Why firms fall short on touting their sustainability work

A trend that continues to surprise me is the public's continuing low level of recognition about companies' efforts to improve their social and environmental performance and give back to communities.  

In one survey, the proportion of respondents across 14 countries who have heard some or a lot about these efforts barely has changed in the past seven years, and more than 1 in 4 still say they have heard nothing at all.

We know that the resources being put into corporate sustainability over this time period have intensified, as have the drive and competition for recognized leadership in this space.

Why hasn't consumer recognition caught up?  

Advertising timidity

Persistent and widespread skepticism around corporate initiatives undoubtedly is a stumbling block for green marketing, particularly in Western Europe and the U.S. Havas' Meaningful Brands study (PDF) this year shows that only 21 percent feel that brands communicate honestly. Likewise, our GlobeScan Radar research last year found a persistent disconnect across 10 countries between healthy levels of interest in finding out about CSR initiatives and the perceived credibility of corporate communications.

When we ask consumers who have heard about companies' social and environmental activities, news articles and stories remain the dominant information channels, despite a steady downward trend. So does this mean that businesses are so sensitive to the threat of a greenwashing backlash that they are missing out on one on the most powerful methods of getting their message across? And are companies not realizing a return on investment when it comes to enhancing their sustainable brand credentials as a result? Not necessarily.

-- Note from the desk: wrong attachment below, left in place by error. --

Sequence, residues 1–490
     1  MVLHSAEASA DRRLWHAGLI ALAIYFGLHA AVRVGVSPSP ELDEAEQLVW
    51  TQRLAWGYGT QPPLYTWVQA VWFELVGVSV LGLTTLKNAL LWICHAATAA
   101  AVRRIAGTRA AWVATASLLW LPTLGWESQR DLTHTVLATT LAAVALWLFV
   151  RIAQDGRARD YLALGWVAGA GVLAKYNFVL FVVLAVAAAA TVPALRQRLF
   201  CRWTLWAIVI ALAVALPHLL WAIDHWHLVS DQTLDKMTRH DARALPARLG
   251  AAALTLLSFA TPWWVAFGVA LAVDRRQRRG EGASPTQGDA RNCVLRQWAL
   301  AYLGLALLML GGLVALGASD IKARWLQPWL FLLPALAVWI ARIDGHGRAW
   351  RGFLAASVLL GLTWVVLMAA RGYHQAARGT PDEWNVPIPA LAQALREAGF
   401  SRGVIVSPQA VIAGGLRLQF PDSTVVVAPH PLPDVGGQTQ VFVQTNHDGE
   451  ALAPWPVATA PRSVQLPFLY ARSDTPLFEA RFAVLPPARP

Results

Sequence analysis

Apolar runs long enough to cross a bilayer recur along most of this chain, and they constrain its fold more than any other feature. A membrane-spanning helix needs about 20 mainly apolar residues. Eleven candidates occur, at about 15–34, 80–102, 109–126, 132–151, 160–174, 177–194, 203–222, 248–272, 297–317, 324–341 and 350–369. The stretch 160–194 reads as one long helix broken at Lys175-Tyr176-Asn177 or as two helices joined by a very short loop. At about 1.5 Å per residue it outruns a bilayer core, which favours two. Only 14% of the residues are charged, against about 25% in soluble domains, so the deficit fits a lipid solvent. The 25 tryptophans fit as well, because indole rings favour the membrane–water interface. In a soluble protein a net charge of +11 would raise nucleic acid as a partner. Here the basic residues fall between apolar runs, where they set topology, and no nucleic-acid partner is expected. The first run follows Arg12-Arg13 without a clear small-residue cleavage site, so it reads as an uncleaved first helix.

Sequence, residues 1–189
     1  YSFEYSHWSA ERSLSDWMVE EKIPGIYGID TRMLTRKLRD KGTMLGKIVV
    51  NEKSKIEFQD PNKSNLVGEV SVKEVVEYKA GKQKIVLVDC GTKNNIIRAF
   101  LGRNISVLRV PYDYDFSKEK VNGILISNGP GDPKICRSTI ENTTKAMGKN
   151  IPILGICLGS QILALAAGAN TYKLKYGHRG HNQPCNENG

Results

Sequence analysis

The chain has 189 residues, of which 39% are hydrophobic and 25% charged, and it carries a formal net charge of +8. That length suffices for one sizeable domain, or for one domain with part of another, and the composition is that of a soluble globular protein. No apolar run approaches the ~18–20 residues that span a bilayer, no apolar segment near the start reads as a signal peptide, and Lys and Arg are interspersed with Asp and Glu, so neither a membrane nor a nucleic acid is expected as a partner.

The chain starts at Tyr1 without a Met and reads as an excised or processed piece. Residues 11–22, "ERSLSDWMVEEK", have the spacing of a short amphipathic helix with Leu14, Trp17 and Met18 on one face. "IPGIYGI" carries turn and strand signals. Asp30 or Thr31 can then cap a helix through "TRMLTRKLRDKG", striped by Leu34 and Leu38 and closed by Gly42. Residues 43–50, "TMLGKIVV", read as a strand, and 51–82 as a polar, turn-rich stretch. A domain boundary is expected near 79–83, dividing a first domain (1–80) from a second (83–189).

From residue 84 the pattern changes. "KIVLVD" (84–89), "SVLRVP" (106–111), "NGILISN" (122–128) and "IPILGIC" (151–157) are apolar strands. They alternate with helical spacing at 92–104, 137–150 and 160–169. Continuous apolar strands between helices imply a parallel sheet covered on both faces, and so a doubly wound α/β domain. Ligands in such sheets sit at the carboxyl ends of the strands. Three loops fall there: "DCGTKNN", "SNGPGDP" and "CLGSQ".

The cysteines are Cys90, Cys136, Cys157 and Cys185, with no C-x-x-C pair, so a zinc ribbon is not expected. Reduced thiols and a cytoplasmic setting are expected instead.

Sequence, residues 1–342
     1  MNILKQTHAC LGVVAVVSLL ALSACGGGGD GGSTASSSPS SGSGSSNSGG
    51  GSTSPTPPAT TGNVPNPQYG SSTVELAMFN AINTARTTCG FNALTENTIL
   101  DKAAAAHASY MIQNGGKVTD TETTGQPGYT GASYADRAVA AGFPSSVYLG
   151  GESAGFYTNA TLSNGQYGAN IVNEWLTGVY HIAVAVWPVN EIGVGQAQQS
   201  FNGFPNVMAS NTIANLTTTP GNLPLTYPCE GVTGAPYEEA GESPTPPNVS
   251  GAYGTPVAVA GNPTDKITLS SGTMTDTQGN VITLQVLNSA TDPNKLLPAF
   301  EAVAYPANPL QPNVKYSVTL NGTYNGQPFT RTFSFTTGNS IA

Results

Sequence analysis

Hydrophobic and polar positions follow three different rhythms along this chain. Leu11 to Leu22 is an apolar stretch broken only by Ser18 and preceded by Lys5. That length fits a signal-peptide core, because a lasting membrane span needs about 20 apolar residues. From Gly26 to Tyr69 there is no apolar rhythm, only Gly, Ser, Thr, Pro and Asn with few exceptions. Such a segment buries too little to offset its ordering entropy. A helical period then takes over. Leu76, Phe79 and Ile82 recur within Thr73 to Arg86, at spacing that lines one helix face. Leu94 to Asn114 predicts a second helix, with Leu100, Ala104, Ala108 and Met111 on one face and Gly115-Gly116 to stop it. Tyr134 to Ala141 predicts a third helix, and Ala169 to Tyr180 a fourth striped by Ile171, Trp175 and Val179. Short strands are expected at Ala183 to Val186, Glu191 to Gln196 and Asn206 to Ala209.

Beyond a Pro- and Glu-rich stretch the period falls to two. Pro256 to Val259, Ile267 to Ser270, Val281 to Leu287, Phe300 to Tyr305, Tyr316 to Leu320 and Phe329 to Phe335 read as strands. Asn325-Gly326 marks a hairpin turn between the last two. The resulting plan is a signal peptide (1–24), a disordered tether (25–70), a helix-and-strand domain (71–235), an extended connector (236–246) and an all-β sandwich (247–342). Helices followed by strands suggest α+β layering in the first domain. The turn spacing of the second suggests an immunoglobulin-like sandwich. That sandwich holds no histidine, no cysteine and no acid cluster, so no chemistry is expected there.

An alternative interpretation is that we are seeing the increasingly sophisticated ways in which companies share their commitment to sustainability to adapt to changing patterns of consumer-brand interaction. Last year we saw that people learn about companies efforts in a variety of ways, but what particularly stands out is that it is often the less tangible channels over which the company has little direct influence. These include the consumer's own personal experience, conversations with friends and family members, and hearing about the company on blogs or through employees.

Muted marketing

Our advice to marketing and sustainability teams is that it's great if companies can leverage their sustainability strategies through the media. Corporate leaders, such as Honda, Marks and Spencer and Vale (Portuguese), have had success with this in the past. But more companies recognize the value of "light touch" sustainability marketing.  

By embedding the commitment in the heart of the product itself, companies allow consumers to make up their own mind about the company's ethical credentials. Then, by making more information available through accessible channels, such as blogs and social media campaigns, companies can have some influence over popular channels for those who do want to seek out more information to validate their hunches.

This doesn't necessarily mean that print and TV advertising cannot have a green tint. In our earlier Sustainability Leaders survey with SustainAbility, we asked our global panel of experts to rate the impact various corporate actions can have on accelerating progress. Two-thirds (66 percent) felt that applying the company's marketing capabilities to encourage more sustainable consumer behaviour had real potential, but the signals suggest that sustainability marketers need to widen their expectations beyond traditional KPIs, such as campaign recognition and awareness.

Fail image by koya979 via Shutterstock.